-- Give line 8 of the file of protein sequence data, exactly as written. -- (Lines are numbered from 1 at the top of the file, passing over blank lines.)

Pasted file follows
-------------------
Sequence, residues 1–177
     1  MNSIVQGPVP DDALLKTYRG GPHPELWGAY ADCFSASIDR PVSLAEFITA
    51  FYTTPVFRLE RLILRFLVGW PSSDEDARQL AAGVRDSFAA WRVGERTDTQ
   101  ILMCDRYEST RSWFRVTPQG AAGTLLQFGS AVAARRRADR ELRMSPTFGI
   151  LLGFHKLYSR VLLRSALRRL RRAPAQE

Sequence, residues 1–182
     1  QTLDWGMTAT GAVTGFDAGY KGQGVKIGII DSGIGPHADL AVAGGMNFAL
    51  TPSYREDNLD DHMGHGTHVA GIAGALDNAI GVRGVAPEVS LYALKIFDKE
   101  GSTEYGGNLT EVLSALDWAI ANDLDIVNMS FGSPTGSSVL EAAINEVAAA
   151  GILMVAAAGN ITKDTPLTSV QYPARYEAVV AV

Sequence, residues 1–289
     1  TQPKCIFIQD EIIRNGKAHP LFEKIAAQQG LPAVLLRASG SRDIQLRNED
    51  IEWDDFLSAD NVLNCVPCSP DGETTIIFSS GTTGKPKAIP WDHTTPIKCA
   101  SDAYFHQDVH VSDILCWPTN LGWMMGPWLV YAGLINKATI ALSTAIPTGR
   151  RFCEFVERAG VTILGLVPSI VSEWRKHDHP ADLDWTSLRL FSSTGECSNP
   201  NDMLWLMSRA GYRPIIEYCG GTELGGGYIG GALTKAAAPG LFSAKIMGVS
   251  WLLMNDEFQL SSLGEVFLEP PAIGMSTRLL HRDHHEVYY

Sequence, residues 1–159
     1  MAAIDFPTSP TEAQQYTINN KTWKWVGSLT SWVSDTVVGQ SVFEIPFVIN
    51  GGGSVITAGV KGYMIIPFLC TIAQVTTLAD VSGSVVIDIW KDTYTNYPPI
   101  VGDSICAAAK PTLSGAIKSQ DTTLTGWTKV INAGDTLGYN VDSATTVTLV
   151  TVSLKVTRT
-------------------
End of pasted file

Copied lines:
    51  TPSYREDNLD DHMGHGTHVA GIAGALDNAI GVRGVAPEVS LYALKIFDKE